Previously, in Affordable Legal Fees Part I: While lamenting the Zuma family’s suspiciously good fortune, we also questioned the broader moral fibre comprising the fabric of our society. Is our humanity indeed measured by the BMWs we drive? Is the charging of exorbitant fees indeed justified because “everyone does it”? Is there anything that can stem the increasingly apparent ethos of feathering one’s own nest at the expense of others? The future of our nation may well rest upon the shoulders of one unassuming yet unassailable savior: the South African Constitution.
Every so often, when our media pauses between the various soap operas playing across our country, they glimpse the light. Like the recent reports about excessive fees charged by attorneys in MVA claims. In two separate cases recently, our High Courts have ruled that lawyers who work on a no-win, no-fee basis, commonly used in Road Accident Fund cases, cannot charge more than the law allows. The Contingency Fees Act sets limits on the fees that lawyers can deduct from any award made to a claimant, for example by the RAF. It was introduced to make justice accessible to the poor who might otherwise not have access to it. The Act states that lawyers acting on a no-win, no-fee basis can charge up to double their normal time-based fees, or 25% of the settlement, whichever amount is lower. Many lawyers have been routinely charging fees greater than the Act allows, confidently (if erroneously) claiming that they’re entitled to do so in terms of the common law.
In one of these cases the North Gauteng High Court declared a contingency fee agreement entered into between an accident victim and her attorneys to be invalid. To express its disapproval of the law firm’s actions, the High Court also ordered the recalcitrant attorneys to pay all of the claimant’s legal costs. The self-same attorneys are also facing another, similar case in the Pretoria High Court in which a former client is asking for them to be struck off the roll of attorneys. In another case three judges in the North Gauteng High Court dismissed an application contending that the Contingency Fees Act took away lawyers’ common law rights to conclude contingency fee agreements and was unconstitutional.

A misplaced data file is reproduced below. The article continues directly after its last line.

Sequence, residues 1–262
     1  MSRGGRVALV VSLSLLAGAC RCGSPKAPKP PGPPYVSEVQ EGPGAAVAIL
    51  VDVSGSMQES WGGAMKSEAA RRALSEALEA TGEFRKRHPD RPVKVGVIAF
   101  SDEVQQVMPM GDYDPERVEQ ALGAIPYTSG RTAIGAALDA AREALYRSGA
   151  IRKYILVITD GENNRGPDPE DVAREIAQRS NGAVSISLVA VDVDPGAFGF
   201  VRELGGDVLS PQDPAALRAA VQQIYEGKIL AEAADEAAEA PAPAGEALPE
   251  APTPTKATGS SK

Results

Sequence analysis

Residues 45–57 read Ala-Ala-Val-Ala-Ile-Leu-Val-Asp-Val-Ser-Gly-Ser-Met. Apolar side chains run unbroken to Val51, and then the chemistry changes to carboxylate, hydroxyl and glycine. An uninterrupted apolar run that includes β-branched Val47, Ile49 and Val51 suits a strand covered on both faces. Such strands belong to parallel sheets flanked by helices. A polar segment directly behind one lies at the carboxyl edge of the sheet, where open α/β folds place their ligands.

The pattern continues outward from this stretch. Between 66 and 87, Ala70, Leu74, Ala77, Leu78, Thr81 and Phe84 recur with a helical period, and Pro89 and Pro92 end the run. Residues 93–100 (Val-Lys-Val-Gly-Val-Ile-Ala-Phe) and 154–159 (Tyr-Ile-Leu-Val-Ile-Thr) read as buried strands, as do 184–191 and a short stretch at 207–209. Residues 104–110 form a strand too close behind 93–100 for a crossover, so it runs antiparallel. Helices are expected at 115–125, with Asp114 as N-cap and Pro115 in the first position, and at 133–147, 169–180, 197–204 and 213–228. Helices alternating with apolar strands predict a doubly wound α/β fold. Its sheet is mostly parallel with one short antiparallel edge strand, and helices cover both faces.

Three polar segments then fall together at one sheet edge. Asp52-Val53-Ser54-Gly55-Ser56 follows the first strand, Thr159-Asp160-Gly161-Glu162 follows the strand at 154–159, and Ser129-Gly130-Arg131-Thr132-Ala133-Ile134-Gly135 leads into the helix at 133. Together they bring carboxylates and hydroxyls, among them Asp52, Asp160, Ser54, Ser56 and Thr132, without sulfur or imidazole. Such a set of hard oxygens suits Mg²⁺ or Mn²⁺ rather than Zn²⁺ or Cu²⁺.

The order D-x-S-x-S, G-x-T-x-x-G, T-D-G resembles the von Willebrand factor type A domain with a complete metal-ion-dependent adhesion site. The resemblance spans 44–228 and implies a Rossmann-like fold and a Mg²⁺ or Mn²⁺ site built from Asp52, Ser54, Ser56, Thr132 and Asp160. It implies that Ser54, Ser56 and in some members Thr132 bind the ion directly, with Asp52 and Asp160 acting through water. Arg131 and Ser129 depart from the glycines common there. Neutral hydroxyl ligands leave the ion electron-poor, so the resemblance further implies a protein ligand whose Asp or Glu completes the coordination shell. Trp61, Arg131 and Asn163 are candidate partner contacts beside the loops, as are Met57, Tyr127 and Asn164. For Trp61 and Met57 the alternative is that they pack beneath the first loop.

These recent rulings are expected to clear the way for many accident victims to claim back excessive fees charged. Contrary to popular belief, not all attorneys are greedy money-grabbing ogres, and accordingly there are many cases where the fees charged were fair and lawful. But it may be prudent for past RAF claimants to unearth their papers and review what they were charged, particularly in the event of larger claims.
There is, of course, the possibility that these judgments will land up in the Constitutional Court. Which brings us to question: what is the stance of the Constitutional Court judges, and what is the likely outcome? While the media only recently alerted the public to these RAF-related cases, the Constitutional Court has, in fact, been quietly and studiously slogging on for years, meting out judgments against those found to be in contravention of the most beloved, albeit oft-misunderstood law of the land – our Constitution. The Constitutional Court has already addressed the matter of over-charging in a number of cases (and not only in RAF cases) and has on previous occasions made known its disapproval of those seeking to take advantage of the general populace.